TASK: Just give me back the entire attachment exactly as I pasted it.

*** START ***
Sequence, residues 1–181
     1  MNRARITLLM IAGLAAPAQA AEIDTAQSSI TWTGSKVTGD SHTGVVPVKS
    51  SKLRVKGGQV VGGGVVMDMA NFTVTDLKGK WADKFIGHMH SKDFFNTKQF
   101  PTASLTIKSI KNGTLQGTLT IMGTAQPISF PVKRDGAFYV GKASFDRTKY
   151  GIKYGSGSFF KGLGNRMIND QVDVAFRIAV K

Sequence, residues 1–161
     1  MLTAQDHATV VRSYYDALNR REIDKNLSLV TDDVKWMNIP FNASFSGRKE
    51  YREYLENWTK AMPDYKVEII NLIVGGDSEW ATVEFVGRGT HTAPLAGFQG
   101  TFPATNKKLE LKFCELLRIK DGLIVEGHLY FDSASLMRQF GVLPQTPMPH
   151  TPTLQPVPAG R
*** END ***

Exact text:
Sequence, residues 1–181
     1  MNRARITLLM IAGLAAPAQA AEIDTAQSSI TWTGSKVTGD SHTGVVPVKS
    51  SKLRVKGGQV VGGGVVMDMA NFTVTDLKGK WADKFIGHMH SKDFFNTKQF
   101  PTASLTIKSI KNGTLQGTLT IMGTAQPISF PVKRDGAFYV GKASFDRTKY
   151  GIKYGSGSFF KGLGNRMIND QVDVAFRIAV K

Sequence, residues 1–161
     1  MLTAQDHATV VRSYYDALNR REIDKNLSLV TDDVKWMNIP FNASFSGRKE
    51  YREYLENWTK AMPDYKVEII NLIVGGDSEW ATVEFVGRGT HTAPLAGFQG
   101  TFPATNKKLE LKFCELLRIK DGLIVEGHLY FDSASLMRQF GVLPQTPMPH
   151  TPTLQPVPAG R